Scotland seeks to block Brexit talks without its approval
Scotland's government says it will ask Britain's Supreme Court to block Prime Minister Theresa May from triggering European Union exit talks without consulting the Scottish Parliament first.
May has said she plans to start divorce talks by invoking Article 50 of the EU treaty before March 31. But last week, the High Court ruled that lawmakers in Britain's Parliament must first have a say.
The government is asking the Supreme Court to overturn the ruling. Hearings are due next month.
Scottish First Minister Nicola Sturgeon said Tuesday that Scotland would seek to intervene in the case, because "the consent of the Scottish Parliament should be sought before Article 50 is triggered."
Britons voted to June 23 to leave the EU but voters in Scotland strongly backed staying in.
Meantime, Brexit Secretary David Davis said Monday that May's plan to start the process by the end of March is still in place despite the court setback.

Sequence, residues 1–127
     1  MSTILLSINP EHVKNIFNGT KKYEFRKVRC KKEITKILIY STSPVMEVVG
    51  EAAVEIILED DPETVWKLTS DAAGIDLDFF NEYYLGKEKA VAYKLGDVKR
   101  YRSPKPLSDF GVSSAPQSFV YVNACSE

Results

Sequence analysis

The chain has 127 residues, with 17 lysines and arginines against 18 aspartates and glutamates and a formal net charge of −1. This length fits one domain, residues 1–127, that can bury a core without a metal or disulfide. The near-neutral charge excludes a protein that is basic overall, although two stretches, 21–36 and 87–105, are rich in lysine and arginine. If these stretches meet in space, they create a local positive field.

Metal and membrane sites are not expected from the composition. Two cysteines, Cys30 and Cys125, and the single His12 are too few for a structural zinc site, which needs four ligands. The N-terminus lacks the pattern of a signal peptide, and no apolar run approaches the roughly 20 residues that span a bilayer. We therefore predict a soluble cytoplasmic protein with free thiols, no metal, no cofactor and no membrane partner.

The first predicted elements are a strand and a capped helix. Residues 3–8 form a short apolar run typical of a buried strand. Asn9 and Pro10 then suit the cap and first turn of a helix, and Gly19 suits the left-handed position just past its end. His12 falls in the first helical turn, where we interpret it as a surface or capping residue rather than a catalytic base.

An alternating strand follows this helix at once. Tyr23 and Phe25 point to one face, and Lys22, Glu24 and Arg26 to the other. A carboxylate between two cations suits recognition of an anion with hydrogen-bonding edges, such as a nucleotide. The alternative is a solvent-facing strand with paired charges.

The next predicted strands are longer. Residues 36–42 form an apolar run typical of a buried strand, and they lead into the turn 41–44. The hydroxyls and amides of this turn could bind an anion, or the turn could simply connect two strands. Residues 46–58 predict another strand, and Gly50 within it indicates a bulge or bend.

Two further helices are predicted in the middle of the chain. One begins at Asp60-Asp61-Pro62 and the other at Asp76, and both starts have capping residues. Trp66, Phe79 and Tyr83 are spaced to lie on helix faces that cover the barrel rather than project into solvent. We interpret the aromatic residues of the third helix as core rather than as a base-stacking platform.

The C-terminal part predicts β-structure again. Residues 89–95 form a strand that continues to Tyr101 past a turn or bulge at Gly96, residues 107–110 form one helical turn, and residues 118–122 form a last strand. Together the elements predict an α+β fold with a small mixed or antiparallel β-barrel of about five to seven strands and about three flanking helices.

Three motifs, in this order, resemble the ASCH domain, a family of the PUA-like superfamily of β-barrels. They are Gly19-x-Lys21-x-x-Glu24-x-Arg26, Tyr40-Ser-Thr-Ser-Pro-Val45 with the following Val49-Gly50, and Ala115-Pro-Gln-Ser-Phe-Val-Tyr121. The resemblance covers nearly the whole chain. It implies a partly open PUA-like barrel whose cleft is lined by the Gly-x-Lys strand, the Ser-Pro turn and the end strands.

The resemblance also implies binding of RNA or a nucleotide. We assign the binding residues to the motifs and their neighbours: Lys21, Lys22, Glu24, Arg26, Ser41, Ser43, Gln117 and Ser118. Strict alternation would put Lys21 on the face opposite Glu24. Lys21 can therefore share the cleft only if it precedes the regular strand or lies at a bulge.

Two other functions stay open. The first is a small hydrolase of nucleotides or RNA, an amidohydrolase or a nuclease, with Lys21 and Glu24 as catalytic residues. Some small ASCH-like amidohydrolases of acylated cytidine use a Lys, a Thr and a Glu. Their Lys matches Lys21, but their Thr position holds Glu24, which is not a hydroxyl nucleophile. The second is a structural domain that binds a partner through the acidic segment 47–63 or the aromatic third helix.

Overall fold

"There can be no going back. The point of no return was passed on June 23," he said, referring to the date of the historic Brexit referendum.
Davis said the government would seek in December to overturn the ruling in the country's Supreme Court, where a speedy decision is expected. If the government loses the appeal, May would seek Parliament's approval, probably early in 2017.
He complained that opposition figures are seeking to "wreck" May's discussions with the remaining EU members by demanding that she share her negotiating strategy with Parliament and the public.
But Davis said the government would not meet the opposition's demands to reveal its negotiating position in what are expected to be two years of difficult separation talks.
"We won't achieve a good negotiation outcome if this is a negotiation being run by 650 people in this House of Commons or nearly 900 in the Lords," Davis said. "No negotiation in history has been run that way."
There is significant opposition to leaving the EU among Labour Party, Liberal Democrat and Scottish National Party lawmakers. A number of Conservative Party members also oppose the move.
The government, however, faces strong political pressure to respect the referendum that passed with 52 per cent of the vote.
Davis warned Brexit opponents not to seek a second referendum in hopes of reversing the June 23 vote.
He said proposals from the opposition Labour and Liberal Democrats "look increasingly like attempts to thwart and reverse" the vote.